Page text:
Monday, November 17, 2014


Our second graders do a unit on advocacy each year. I'm always on the lookout, then, for books about people who are advocates, especially in a way that children will understand. ALICE WATERS AND THE TRIP TO DELICIOUS, by Jacqueline Briggs Martin, author of SNOWFLAKE BENTLEY and more recently FARMER WILL ALLEN AND THE GROWING TABLE, definitely fits into that category.

Alice Waters spent part of her young adulthood in Europe, tasting yummy foods, then opened a restaurant, Chez Panisse. At the time most chefs were men. And most restaurants worried about finding good recipes, not good ingredients. Alice Waters changed all of that. She cooked with only the freshest ingredients and her restaurant became hugely popular.   Alice was the first woman to win the James Beard Chef of the year. She cooked for presidents and for the Dalai Lama.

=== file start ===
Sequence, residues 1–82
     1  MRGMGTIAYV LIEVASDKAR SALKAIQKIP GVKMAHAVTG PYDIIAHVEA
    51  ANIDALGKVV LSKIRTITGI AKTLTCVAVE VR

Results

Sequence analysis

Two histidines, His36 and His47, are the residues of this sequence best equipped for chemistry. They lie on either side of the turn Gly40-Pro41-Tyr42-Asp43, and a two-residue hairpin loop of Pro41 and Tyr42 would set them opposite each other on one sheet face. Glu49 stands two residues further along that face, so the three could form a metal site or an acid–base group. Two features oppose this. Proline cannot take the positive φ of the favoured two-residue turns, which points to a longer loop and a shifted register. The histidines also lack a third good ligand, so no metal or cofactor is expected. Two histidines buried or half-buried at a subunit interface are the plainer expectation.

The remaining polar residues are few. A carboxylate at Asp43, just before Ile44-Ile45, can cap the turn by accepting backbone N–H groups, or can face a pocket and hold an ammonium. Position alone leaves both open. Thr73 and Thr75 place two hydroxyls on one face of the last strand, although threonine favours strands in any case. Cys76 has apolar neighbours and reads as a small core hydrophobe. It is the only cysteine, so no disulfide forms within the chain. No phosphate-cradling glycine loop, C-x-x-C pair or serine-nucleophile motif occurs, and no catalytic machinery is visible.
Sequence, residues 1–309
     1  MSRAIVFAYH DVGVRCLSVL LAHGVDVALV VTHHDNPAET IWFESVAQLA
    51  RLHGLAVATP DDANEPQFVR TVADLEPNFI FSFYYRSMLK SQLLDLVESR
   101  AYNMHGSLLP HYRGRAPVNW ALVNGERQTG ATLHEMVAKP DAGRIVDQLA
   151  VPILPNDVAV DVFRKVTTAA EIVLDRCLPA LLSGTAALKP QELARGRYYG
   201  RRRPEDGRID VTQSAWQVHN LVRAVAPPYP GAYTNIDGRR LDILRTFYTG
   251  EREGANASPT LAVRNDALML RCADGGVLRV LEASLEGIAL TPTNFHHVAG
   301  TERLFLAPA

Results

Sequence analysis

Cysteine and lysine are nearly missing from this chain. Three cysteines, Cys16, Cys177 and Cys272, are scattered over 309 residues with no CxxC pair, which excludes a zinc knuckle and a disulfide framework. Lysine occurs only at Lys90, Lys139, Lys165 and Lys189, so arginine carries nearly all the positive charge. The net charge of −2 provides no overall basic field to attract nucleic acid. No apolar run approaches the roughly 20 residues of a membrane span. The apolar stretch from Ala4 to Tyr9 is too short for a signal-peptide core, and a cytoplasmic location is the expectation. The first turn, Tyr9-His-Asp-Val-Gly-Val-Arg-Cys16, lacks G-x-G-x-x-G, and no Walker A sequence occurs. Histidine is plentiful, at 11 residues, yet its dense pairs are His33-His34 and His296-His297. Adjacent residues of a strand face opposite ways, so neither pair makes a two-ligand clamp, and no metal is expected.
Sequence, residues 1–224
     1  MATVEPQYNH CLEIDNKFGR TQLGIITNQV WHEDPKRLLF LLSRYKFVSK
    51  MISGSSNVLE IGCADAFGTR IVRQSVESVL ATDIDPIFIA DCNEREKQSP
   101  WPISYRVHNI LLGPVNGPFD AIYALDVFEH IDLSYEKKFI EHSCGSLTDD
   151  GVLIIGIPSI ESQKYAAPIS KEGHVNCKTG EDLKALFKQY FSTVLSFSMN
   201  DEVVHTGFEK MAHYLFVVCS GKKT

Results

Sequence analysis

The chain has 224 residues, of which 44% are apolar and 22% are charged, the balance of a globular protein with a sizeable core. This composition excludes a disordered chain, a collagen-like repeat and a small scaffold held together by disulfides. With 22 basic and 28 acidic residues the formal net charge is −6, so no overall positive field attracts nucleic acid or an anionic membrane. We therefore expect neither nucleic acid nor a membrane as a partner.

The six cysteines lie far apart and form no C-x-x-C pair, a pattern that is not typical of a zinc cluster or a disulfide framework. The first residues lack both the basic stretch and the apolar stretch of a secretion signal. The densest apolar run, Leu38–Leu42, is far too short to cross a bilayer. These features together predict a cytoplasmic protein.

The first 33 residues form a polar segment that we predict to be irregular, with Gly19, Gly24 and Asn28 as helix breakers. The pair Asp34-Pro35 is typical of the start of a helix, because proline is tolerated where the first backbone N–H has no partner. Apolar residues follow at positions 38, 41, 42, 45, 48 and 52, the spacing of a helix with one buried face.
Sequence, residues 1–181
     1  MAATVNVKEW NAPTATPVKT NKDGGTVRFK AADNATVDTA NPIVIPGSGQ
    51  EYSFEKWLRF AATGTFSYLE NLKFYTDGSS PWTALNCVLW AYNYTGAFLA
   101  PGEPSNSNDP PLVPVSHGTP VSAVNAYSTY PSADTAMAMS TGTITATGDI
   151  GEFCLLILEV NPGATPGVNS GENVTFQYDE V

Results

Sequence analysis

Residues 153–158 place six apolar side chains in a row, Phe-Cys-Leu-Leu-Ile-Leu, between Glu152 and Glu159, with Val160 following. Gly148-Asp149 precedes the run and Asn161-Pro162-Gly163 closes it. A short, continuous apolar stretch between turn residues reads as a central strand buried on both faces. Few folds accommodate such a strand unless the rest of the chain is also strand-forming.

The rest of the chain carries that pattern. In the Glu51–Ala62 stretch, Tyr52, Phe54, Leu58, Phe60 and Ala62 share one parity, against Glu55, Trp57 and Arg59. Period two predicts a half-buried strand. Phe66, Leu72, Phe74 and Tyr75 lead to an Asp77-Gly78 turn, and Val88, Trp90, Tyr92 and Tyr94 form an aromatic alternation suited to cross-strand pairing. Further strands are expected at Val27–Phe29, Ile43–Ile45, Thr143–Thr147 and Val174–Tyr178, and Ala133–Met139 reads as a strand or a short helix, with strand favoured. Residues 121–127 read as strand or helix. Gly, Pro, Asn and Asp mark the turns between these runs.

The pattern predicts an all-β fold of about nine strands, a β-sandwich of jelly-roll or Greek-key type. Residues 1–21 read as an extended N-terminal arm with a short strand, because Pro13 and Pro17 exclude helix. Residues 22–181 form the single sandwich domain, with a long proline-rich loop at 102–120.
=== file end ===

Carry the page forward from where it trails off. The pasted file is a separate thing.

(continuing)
But that wasn't enough for Alice. Every day as she packed her daughter's lunch, and as she drove by schools, she wondered whether children were having opportunities to taste fresh and delicious food. When the principal of a middle school contacted her, she paired with that school and the The Edible Schoolyard Project was born. Now there are Edible Schoolyards across the United States, because

Alice Waters is sure:
Kids who know good food,
who grow, gather, and share good food,
will care about the soil, care about farmers,
care about everyone having enough to eat.

Kids who get to Delicious can change the world. 

This is illustrator Haelin Choi's first picture book, and her playful illustrations capture the essence of the book. Back matter includes an afterword by Alice Waters (advice for kids about growing and eating food), an author's note, a list of resources for further research, and a bibliography.

1 comment:

Linda B said...

My granddaughter's class is studying food this year. I'll pass on this 'delicious' book, Carol. I haven't heard about it before!